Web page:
U.S. auto sales surged 15% to 1.14 million in November helped by sales of small cars and hybrids.  Vehicle sales could slow down in 2013 as uncertainly looms over the outcome of the fiscal cliff with the lawmakers failing to reach a consensus. Without any legislation, certain provisions encompassing tax increases and reductions in fiscal spending would go into effect from January 1, 2013.
It is widely believed that such a move could push the economy back into recession in 2013. However, auto sales certainly benefited from a low interest rate environment created by quantitative actions by the Fed as consumers continued to take advantage of cheap financing.
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Japanese automakers were certainly among the winners as the companies continued to post strong growth rates over the production limitations in 2011.
Toyota sold 17% more vehicles this November than it did in the previous year. The automaker is on course to sell more than 2 million vehicles in the U.S. in 2012, the initial target it set out at the start of the year. To keep its sales rolling next year in the U.S., Toyota debuted the new RAV4 at the Los Angeles auto show. The Japanese automaker expects the model’s sales to touch 200,000 units in 2013, which is 20% more than the model’s sales this year.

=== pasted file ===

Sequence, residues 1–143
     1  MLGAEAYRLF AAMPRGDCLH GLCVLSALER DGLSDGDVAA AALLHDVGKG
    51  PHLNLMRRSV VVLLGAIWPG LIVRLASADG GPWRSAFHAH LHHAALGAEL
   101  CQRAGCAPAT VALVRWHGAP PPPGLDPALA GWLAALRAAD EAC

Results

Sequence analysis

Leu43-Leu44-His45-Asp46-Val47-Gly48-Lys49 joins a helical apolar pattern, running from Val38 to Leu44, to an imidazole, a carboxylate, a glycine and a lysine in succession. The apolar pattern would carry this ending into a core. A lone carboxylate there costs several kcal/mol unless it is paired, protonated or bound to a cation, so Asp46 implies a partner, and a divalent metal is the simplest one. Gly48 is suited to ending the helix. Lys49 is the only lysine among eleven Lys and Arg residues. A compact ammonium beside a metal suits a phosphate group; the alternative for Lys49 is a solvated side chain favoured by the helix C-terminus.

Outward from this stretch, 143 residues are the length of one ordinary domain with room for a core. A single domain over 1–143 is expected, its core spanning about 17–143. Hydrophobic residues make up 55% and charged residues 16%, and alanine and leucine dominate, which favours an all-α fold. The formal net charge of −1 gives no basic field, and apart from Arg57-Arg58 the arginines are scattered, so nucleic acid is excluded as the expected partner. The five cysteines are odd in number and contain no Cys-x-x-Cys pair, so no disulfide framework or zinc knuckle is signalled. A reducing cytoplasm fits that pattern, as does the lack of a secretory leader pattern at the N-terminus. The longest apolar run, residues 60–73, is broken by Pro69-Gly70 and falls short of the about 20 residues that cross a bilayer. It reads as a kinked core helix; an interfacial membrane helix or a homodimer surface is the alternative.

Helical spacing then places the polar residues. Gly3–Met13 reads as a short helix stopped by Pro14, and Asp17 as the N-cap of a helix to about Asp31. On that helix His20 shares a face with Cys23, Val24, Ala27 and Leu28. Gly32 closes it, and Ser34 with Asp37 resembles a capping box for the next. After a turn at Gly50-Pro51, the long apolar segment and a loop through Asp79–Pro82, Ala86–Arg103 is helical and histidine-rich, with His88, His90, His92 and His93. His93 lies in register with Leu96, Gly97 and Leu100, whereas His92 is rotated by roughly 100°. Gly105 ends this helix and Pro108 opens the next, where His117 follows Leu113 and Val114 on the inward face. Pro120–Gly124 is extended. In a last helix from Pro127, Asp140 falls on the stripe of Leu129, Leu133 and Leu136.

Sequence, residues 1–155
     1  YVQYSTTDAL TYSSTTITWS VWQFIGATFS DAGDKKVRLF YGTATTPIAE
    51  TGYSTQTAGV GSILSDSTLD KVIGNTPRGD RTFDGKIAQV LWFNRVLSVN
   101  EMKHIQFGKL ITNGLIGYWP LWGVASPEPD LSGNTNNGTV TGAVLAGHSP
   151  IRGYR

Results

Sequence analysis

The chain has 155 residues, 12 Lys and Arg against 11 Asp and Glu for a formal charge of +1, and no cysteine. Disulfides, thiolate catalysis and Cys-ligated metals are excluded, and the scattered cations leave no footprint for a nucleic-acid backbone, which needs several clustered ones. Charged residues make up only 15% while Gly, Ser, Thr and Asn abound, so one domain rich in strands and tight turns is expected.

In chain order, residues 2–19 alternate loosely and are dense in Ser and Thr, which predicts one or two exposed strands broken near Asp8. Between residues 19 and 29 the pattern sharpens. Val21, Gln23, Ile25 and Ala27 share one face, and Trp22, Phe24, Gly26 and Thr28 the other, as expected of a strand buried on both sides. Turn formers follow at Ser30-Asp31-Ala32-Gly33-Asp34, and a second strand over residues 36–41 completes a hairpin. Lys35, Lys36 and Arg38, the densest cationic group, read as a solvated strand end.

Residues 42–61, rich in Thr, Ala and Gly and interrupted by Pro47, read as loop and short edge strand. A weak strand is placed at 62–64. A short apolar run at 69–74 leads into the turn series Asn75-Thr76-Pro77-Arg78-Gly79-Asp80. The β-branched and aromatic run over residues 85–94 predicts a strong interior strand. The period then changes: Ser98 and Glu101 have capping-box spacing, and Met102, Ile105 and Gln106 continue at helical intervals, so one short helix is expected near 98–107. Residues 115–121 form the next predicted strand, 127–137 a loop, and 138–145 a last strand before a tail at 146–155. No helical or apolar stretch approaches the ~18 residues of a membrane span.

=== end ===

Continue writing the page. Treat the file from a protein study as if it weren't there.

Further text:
Honda’s sales grew 39% helped by the new Accord launched earlier in the year. Furthermore, Honda’s sales could carry on the sales momentum next year as the automaker debuted its refreshed model of the Civic at the Los Angeles auto show last week. Although the Civic is the highest selling small car in the country, it didn’t live up to its expectations and was criticized for its bland styling and average performance. The Accord and the Civic account for almost a third of Honda’s American sales.
Ford’s sales expanded 6.5% buoyed by a whopping 76% rise in small car sales. However, its pick up trucks and SUVs such as the F-series and the Escape still account for two-third of its sales in the U.S. and could only manage only 2.9% growth. 
The sales of trucks/SUVs industry-wide were strong in the first half of the year but slowed down in the latter half as consumers switched to more fuel efficient, smaller cars in the wake of persistently high fuel prices. On the other hand, construction spend grew 1.4% in October, beating expectations, which could be a harbinger of better things to come for Ford as the construction industry is heavily dependent on large pick-up trucks. 
Ford has done well in 2012 with sales up 5% through November. It has introduced several new models which command a better pricing and the general consensus seems to be that the quality of the automaker’s cars has improved.Notes: